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A survey of 50,000 of the web's most visited websites by the team from UC San Diego found 485 sites using this method to get at browser histories, 63 were copying the data it reveals and 46 were found to be "hijacking" a user's history.
"Our study shows that popular Web 2.0 applications like mashups, aggregators, and sophisticated ad targeting are rife with different kinds of privacy-violating flows," wrote the researchers.
The researchers pointed out that some modern browsers, such as Chrome and Safari, are not vulnerable to history hijacking and that the most recent version of Mozilla has closed the loophole. Users of Internet Explorer can defeat the bug by turning on "private browsing".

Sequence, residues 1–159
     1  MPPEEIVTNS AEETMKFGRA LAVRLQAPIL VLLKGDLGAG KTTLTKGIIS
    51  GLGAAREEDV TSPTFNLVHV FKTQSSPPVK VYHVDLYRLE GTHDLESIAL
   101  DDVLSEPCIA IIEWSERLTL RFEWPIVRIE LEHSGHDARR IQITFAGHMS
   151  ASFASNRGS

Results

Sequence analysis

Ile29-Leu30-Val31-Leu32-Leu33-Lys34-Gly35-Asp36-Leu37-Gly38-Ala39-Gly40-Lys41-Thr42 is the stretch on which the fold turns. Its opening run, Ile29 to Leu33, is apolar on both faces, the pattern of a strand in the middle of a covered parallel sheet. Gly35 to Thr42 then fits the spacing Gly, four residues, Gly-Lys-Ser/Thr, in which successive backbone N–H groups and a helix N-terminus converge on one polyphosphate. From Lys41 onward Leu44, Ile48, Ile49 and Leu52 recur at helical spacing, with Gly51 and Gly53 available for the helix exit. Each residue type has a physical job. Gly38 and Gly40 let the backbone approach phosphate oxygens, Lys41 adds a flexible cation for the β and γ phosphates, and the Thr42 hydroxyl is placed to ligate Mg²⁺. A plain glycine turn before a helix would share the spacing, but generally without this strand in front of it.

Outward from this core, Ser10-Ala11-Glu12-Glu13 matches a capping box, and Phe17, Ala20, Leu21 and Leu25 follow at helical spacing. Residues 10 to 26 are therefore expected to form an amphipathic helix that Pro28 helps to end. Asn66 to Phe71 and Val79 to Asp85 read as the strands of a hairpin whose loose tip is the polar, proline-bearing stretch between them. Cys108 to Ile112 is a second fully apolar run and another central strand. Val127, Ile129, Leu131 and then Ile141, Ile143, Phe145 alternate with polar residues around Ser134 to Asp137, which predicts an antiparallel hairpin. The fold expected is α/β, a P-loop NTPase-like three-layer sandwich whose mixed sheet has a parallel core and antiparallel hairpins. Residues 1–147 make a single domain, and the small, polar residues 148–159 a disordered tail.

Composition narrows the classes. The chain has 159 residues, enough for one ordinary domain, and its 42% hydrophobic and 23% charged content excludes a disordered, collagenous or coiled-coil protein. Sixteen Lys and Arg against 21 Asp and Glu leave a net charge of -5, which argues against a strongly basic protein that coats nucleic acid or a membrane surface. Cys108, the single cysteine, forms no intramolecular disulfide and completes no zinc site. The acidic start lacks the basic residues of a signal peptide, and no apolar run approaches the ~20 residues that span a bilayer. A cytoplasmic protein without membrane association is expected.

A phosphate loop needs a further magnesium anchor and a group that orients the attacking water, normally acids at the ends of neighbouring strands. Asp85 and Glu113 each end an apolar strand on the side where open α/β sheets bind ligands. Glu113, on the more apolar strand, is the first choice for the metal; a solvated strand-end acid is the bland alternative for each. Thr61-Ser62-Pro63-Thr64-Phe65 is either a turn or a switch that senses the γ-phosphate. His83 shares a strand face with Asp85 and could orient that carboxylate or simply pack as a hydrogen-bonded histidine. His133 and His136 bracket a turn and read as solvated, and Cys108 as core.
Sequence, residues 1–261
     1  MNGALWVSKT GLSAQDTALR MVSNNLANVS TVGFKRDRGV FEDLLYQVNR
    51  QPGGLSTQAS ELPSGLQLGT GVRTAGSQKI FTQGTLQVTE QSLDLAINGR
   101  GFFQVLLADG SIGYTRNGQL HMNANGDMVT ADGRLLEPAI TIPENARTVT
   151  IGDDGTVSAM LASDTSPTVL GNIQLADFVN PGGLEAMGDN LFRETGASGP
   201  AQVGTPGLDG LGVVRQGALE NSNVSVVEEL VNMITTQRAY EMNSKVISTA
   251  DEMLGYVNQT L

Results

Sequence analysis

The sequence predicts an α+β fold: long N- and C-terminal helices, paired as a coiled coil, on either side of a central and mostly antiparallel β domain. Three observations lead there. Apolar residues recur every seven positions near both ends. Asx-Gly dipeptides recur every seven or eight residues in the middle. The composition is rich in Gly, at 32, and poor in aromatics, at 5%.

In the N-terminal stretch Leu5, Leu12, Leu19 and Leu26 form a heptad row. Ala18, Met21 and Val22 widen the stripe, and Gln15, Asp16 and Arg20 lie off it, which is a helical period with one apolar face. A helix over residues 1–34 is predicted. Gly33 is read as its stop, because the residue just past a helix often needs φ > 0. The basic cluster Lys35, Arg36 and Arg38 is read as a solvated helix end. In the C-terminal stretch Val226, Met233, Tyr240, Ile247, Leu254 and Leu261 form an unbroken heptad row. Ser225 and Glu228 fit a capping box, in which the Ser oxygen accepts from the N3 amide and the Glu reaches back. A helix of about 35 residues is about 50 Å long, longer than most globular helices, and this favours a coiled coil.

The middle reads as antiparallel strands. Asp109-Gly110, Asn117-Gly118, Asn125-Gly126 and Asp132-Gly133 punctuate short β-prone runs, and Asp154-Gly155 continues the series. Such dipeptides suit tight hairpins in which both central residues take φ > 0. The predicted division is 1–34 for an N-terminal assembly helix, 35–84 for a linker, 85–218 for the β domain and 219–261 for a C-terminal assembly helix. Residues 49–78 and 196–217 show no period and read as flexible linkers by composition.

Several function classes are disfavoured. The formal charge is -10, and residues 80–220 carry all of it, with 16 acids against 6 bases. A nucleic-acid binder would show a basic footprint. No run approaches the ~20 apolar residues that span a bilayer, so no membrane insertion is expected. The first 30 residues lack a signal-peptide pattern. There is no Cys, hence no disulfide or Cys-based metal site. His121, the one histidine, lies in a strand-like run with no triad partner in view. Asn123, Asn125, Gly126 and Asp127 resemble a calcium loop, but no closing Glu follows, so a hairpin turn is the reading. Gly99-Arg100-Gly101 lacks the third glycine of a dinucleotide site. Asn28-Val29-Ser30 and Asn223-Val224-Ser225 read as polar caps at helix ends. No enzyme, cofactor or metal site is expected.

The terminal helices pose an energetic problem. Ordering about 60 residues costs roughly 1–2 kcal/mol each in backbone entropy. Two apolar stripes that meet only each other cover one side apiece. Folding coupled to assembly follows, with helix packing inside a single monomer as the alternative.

While investigating several sites that installed event handlers, we also found that the huffingtonpost.com site exhibits suspicious behavior. In particular, every article on the site's front page has an onmouse-over event handler. These handlers collect in a global data structure information about what articles the mouse passes over. We consider this case to be suspicious because not only is the infrastructure present, but it in fact collects the information locally.